Dr. Alfred Adamo's Patient Receives the Only Living, Bi-Layered Skin Construct Available Today

April, 1999

  • Daniel P. Walsh Named President and Chief Executive Officer of Winthrop-University Hospital

  • Winthrop Receives "Accreditation with Commendation" from the Joint Commission on the Accreditation of Healthcare Organizations

  • Osteoporosis Study Underway: Participants Sought

  • Urogynecology: Female Incontinence is a Quality of Life Issue

  • New Chief of Pediatric Orthopaedics is Appointed

  • For Long Islanders Whose Children Don't Have Health Insurance

  • April Courses at Winthrop-University Hospital's Community Training Center

  • Nassau County's First ApligrafTM Skin Graft is Performed at Winthrop

  • Winthrop's Dr. Ibrahim Implants the "Reveal" Device

  • Pulmonary Rehabilitation Program at Winthrop: Dedicated to an Improved Quality of Life for Patients

  • Research: A Critical Element in Winthrop's Approach to Care for the Pulmonary Patient

  • New Medication for Rheumatoid Arthritis

  • Asthma Study - Phase IV Trial of the Serevent "Diskus"®

  • Pediatric Pulmonary Specialists at Winthrop Focus on Patients' Individual Needs ...Including Education of Parents and Caregivers

  • Winthrop's Sleep Disorders Center... The Only Accredited Sleep Disorders Facility in Nassau County

  • Skin Cancer - A Year Round Concern

  • Women's Cancer Specialist Joins Winthrop's Department of Obstetrics/Gynecology as Director of Gynecologic Oncology


  • Looking for someone who understands a woman's special needs?

  • The 14th Annual Winthrop-University Hospital Golf Tournament

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  • Alfred Adamo, MD, of Winthrop's Voluntary Surgical Staff (R), became the region's first surgeon to perform an ApligrafTM application on a patient with longstanding venous stasis ulcer of the lower leg. Here, Grace Kostelak (Glen Oaks, Queens), (L) is examined by Dr. Adamo two weeks after the initial Apligraf TM application in Winthrop's Mini Surgery Suite. The site had already developed the anticipated "cellophane" appearance, predicted by Apligraf TM maker, Novartis Pharmaceuticals Corp. Ms. Kostelak, an energetic 70-year-old office worker, looks forward to being healed and wearing "real shoes instead of slippers."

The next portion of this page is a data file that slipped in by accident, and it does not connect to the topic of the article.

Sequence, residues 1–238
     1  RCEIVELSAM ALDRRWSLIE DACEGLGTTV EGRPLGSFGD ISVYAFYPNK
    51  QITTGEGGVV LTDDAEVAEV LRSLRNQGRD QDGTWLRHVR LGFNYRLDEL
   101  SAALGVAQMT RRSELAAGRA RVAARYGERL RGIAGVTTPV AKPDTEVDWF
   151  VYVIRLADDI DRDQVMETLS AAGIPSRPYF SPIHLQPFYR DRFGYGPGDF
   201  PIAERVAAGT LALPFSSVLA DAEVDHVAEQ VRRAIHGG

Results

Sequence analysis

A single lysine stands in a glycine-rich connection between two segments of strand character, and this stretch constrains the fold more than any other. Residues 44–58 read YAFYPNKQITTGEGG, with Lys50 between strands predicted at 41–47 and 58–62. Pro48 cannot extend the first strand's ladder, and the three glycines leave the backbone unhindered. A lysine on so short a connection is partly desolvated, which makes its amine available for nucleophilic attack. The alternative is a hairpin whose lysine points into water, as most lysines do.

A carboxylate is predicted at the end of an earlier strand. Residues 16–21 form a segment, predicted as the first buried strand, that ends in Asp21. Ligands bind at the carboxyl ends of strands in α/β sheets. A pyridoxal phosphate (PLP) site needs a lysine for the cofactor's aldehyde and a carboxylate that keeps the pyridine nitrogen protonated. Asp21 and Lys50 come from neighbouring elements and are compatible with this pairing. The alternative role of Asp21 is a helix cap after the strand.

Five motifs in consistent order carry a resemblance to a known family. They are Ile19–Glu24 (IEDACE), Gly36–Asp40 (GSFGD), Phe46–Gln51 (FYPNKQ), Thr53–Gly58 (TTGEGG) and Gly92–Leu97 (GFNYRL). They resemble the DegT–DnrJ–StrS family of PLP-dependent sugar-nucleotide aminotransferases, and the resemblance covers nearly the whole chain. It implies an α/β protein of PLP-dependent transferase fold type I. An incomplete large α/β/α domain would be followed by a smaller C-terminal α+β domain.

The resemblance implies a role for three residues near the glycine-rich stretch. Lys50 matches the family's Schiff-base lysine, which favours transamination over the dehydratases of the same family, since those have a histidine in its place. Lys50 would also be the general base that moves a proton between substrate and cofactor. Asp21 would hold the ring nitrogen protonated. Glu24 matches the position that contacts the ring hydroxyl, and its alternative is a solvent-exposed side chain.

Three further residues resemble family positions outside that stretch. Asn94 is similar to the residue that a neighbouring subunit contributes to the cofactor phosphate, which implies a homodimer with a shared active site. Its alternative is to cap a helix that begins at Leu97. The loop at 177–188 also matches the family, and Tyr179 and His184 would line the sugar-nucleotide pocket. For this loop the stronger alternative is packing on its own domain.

Wn my dreams, the wound is always healed," says Grace Kostelak, 70, who suffers from a non-healing wound on the lower leg, possibly due to a problem with her veins.

    Venous stasis ulcers, such as those experienced by Ms. Kostelak for the last 15 years, are painful, large beefy red wounds, usually on the legs, that fail to heal. The ulcers also pose a serious danger of potential infection.

    Ms. Kostelak, who does not have diabetes, suspects a genetic component to her problem, as both her mother and a sister had the same non-healing wounds. She is one of approximately 600,000 people in the United States today who are seeking treatment for this condition.

    Now at Winthrop, a new wound treatment - ApligrafTM - is provided in Winthrop's Mini Surgery Suite, without an overnight stay. ApligrafTM, the only living, bi-layered skin construct available today, is applied directly over the clean, debrided wound. Grown from cloned human foreskin cells, harvested from newborn babies, ApligrafTM is particularly effective when combined with compression bandaging.

    Alfred Adamo, MD, a Voluntary Attending Surgeon with Winthrop's Department of Surgical Services, was the first surgeon in Nassau County to treat a patient with Apligraf.TM

    The patient, Ms. Kostelak, says that her wound had been growing larger, aggravated by an occupational hazard - filing while standing on her feet during most of her business day. Although Dr. Adamo had tried other treatments, her wound had not healed. "Traditional skin grafts sloughed right off. I'd also tried a technique similar to a soft cast, which was not helpful," he recalls.

    The ApligrafTM treatment "took," and within nine weeks, Ms. Kostelak's wound was 80% healed. Its troubling odor had disappeared.

    Venous Stasis Ulcers: Costly to Society
    "The cost of venous stasis ulcers, in terms of time lost from work, loss of productivity, people out on disability, and people in chronic pain, is incredible," says Dr. Adamo, adding, "Physicians are not certain why these chronic wounds will not heal." Typical reasons are diabetes, poor circulation, vascular problems, and collagen or protein-inhibiting factors. "Failure to heal is a problem that can affect all age groups, not just people over 40. Surgeons treat college age patients, who have suffered trauma, whose wounds fail to heal. Non-healing wounds can also result from insect bites."

    "Wound care is very important in America," Dr. Adamo concludes. "It is significant that Winthrop, a Level I Regional Trauma Center, is on the forefront of new wound care therapies. I am glad that the ApligrafTM 'Pathway to Healing' is available to our patients."

    For further information on ApligrafTM, call Dr. Alfred Adamo at 516-742-7150.

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